Speaker: James Charlwood, Conservation Stonemason & Director, Cathedral Stone

So, the Saint marks louvres project is really about replacing these deteriorated louvres. They were failing quite dramatically. They were cracking, fragments were falling into the streets and protective mesh had to be put on the outside.

We're completely replacing all the louvres now, and this means that the mesh will be able to come off the outside, which will enable the tower to really look the way it was originally meant to look.

Speaker: Nigel Lewis, Heritage Architect

All buildings need maintenance. Historic or not. Historic buildings need specialist maintenance where you have a closer understanding of what's required and sometimes the constraints are greater. So, we've had to go about this in a particular way because it is vital to the restoration of the church to have this done properly rather than just leaving it with a permanent safety grill on the outside.

Speaker: James Charlwood, Conservation Stonemason & Director, Cathedral Stone

Being a 20th century building, it was a very transitional period of time with technologies. So, we're not dealing with stone here, we're dealing with precast and cast insitu concrete.

Probably the most important skill that we bring to a project like this, because it's not a stone project, it's more our conservation thinking. It's the ability to be able to understand materials and what the decay mechanisms are and to make sure that we can rebuild these louvres better than how they were built originally.

Speaker: Daniel Troy, Conservation Trade Assistant, Cathedral Stone

Some of the logistics of the site: there's 144 louvres to take out and replace, 45 odd kilos each, and our highest point on this job is about 22 metres, so you can imagine it's quite a big process.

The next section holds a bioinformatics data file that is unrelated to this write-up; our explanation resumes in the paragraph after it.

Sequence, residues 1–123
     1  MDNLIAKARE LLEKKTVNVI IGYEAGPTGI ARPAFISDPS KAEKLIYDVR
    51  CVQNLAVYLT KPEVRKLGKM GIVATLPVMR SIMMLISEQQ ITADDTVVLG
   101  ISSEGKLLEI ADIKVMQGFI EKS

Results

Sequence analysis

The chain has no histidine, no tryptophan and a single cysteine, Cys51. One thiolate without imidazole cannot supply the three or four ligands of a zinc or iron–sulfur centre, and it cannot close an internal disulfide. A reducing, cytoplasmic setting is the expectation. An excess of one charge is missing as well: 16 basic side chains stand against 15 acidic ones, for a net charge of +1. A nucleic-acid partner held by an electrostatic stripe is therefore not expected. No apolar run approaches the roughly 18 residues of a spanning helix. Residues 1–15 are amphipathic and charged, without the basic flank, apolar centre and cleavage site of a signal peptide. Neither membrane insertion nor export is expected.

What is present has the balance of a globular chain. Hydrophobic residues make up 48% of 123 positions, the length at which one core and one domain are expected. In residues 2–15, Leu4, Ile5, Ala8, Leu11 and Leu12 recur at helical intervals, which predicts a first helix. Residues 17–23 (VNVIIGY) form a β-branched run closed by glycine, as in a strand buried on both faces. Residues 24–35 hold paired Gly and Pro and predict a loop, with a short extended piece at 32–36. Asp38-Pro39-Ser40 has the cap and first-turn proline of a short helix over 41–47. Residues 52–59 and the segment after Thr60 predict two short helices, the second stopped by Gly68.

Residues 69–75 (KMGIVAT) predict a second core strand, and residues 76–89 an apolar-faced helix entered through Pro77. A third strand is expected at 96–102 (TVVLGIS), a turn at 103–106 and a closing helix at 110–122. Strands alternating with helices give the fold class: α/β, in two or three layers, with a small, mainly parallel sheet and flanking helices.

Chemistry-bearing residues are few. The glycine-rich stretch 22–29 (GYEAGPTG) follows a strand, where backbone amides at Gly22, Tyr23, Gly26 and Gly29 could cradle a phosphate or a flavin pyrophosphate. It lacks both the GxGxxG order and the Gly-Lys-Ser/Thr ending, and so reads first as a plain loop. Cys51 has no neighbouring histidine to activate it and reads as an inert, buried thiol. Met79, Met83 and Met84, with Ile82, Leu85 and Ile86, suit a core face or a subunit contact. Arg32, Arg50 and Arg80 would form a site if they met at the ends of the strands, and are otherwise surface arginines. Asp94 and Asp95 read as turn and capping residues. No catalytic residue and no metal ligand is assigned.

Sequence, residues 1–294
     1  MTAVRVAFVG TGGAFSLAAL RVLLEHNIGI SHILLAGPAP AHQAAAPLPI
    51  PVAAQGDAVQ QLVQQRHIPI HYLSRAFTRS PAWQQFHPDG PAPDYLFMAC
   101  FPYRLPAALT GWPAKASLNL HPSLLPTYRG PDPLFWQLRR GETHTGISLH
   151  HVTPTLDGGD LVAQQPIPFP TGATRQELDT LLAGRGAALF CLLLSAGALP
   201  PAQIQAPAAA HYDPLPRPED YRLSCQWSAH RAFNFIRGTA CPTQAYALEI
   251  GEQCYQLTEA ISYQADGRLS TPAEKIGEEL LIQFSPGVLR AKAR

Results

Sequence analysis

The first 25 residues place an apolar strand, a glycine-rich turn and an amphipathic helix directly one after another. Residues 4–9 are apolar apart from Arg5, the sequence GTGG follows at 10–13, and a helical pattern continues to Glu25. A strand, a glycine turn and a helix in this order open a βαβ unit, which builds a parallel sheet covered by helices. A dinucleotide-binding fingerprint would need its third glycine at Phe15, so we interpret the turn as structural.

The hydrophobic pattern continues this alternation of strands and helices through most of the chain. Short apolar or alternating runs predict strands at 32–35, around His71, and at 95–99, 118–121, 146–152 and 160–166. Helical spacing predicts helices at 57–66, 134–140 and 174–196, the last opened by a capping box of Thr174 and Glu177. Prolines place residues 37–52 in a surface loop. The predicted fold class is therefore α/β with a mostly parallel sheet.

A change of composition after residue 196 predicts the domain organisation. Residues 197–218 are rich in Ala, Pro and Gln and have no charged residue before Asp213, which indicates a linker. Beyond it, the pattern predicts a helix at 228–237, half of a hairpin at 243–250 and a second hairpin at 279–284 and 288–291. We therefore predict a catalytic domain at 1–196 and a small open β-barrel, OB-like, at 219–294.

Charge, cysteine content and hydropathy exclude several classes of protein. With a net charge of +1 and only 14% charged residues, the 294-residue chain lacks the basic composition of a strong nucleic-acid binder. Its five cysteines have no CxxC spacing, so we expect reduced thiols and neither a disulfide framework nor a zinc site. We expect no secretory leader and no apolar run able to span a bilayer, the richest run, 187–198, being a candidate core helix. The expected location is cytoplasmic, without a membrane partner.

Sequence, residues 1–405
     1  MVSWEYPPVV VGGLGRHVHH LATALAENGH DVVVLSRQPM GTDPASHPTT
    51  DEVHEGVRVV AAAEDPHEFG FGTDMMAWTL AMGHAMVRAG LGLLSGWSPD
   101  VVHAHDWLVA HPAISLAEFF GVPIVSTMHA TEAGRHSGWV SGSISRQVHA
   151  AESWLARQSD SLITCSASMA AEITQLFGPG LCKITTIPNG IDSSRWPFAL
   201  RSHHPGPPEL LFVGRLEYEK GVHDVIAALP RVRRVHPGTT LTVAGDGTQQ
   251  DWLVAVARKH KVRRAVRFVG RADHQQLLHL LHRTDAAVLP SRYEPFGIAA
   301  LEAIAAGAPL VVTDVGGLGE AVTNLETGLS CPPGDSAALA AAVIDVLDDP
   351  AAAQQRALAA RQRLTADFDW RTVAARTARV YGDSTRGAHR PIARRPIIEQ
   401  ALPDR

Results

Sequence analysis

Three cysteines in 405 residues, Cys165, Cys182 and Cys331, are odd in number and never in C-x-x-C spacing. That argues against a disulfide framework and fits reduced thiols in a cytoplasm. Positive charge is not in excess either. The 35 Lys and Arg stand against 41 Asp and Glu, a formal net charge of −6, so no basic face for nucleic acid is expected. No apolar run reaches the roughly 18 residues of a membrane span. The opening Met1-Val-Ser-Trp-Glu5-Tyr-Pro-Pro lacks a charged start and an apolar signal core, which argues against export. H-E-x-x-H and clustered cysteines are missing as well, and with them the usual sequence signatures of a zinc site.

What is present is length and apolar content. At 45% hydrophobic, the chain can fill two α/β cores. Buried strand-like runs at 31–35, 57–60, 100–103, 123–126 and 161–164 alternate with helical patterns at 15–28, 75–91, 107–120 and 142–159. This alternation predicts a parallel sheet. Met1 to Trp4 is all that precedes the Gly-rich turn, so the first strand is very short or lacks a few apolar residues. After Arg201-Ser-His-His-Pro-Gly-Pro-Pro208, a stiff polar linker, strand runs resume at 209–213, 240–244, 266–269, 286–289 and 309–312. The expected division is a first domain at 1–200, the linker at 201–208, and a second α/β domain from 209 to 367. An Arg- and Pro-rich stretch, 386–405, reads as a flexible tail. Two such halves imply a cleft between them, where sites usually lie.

Speaker: Nigel Lewis, Heritage Architect

I think the thing that is distinctive about this building, it's the landmark because of it's got this really special, very sharp, what's called a broach Spire. When you're approaching it from any distance, it's very narrow, very tapered and very distinctive.

Because we're standing inside the spire today, I mean, you look around, and you've got brick walls, you look above, you’ve got off form concrete going up inside of the Spire.

I've got a childhood memory of this building and, and how exciting the Spire was and we're very excited about the work we've done elsewhere and the restoration of the Napier Waller west windows which are really special. It's been a long, long process, you know, going back over 10 years since I've been involved.

Speaker: James Charlwood, Conservation Stonemason & Director, Cathedral Stone

We are taking this tower back to the way it was designed, without the mesh covering the louvres. The louvres of a tower are like the voice of the tower in a lot of ways. The bells ring out through the louvres, and I think it's a really important architectural detail that needs to be returned to its original.

Page last updated: 15/03/23